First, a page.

Belkin Network USB Hub Review

Today we take a look at Belkin’s new Network USB Hub which claims to be the most easily configured wireless USB hub on the market — you could probably also say it’s the only wireless USB hub on the market.

Basically, Belkin’s software tricks your computer into thinking that it’s connected to a printer or peripheral directly while they are actually hooked up to your router. Sneaky!

Sounds simple right? Let’s check it out…

This lady sure seems to be enjoying her hardware

On the front you will find a green power LED and two USB ports for easy access. The back is home to three more USB ports (for a total of five), an Ethernet jack, power input, and a reset button.

Front, and my toe


What’s included

Physically setting up the device is simple: Plug in the power, then connect the included Ethernet cable to your router and you’re all set.

What you need to connect

All set up

As you can see, the device is really compact and unobtrusive. Simplicity FTW.

Setup CD

The setup CD is very straight forward giving you three options on start. “Network USB Hub Manual” just opens a .pdf of the manual you got in the box. While the second option “Install Control Center” does exactly what it says, it installs a control panel. More on that later.

For now we will click on “Setup Network USB Hub”…

Setting this up literally took about 30 seconds. All we had to do was enter the “Ethernet code” and click next a few times. Everything was done automatically. When it was finished it gave us the option to install the control application. Nothing needed to be changed and installation was completed almost instantly.

If you selected yes, after you click “Finish” the control panel will install itself.

The control center is very useful and simple at the same time. It offers options such as updates and allows you to control more than one Network USB Hub. Devices can be connected to one computer at a time and there is a button to request the use of a device if it is connected to someone else’s machine. We have not tried out this function but it is a solid guess that a dialog pops up telling which computer requested the device.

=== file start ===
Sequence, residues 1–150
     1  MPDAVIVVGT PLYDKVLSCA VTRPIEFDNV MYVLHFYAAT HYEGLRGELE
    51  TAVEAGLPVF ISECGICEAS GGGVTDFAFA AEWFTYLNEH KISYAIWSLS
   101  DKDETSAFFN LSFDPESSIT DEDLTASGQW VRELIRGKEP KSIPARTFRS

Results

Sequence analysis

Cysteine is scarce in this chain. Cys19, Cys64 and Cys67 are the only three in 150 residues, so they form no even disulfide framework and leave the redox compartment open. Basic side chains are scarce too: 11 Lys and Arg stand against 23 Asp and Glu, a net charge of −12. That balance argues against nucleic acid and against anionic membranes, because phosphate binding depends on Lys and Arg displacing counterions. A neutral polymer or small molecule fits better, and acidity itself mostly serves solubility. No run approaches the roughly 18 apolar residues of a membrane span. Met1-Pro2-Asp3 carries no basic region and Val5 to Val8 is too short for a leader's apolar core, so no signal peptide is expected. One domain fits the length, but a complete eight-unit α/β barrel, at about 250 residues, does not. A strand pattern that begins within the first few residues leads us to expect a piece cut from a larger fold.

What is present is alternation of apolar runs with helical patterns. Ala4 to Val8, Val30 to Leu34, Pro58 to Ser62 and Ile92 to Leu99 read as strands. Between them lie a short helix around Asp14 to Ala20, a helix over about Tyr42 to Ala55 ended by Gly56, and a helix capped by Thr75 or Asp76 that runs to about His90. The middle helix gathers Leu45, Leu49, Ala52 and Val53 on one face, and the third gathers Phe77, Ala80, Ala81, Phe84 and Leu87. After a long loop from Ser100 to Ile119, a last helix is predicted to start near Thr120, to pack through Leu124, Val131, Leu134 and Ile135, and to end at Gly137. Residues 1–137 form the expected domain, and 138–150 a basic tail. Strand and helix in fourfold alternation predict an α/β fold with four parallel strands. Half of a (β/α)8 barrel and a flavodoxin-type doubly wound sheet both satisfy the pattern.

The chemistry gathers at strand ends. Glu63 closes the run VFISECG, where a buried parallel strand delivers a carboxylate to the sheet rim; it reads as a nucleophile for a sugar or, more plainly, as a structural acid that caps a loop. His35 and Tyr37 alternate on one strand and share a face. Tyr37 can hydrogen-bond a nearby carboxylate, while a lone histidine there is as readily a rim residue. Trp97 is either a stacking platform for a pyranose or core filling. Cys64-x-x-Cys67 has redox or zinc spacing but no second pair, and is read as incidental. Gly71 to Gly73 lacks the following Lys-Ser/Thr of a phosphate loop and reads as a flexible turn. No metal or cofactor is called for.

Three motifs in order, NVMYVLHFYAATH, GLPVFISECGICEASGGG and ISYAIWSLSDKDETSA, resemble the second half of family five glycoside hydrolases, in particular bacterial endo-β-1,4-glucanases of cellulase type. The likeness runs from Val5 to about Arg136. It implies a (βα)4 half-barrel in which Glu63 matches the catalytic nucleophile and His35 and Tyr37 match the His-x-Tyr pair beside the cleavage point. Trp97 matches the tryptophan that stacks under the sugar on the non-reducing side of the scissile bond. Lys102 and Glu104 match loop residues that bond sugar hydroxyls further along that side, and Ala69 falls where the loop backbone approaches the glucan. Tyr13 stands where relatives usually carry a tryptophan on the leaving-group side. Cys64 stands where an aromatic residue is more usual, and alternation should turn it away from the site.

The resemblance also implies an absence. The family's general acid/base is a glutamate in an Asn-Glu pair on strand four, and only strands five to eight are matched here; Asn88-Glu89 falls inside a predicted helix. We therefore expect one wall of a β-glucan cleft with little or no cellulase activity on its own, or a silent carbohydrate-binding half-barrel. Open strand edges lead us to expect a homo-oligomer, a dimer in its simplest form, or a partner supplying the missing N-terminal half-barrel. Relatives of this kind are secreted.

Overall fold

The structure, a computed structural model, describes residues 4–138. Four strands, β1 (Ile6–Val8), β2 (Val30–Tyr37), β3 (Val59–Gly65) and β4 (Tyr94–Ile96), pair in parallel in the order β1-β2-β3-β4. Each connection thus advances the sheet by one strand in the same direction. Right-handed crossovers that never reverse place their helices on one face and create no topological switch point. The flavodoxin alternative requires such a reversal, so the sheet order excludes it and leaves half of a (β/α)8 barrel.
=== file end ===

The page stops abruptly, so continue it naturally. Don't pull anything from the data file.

Surprisingly, as soon as we plugged a USB drive into the hub all the usual “new hardware found” bubbles popped up and we were instantly able to access the drive through the file manager. Peripherals plugged into the hub can be set to automatically connect to your computer when the control panel is launched. Unfortunately, devices can only be used by one person at a time, so if someone is using a peripheral, you’ll have to wait your turn.

A disconnect button is present to make the device available to others on the network

When connected the control panel application just idles in your system tray while you are able to use the printers, hard drives, and other peripherals connected to the hub as if they were plugged directly into your computer. Using a printer was just as easy. With the proper drivers installed on your computer, printers also work as if they were connected directly.

The Network USB Hub is a clever way to share and decentralize your peripherals. Because it sits halfway between a dedicated print/storage server and a regular old USB hub, it’s hard to classify this device exactly. However, Belkin has created something unique and very useful, so they are to be commended.

Mac drivers will be available in September

Press release

Product page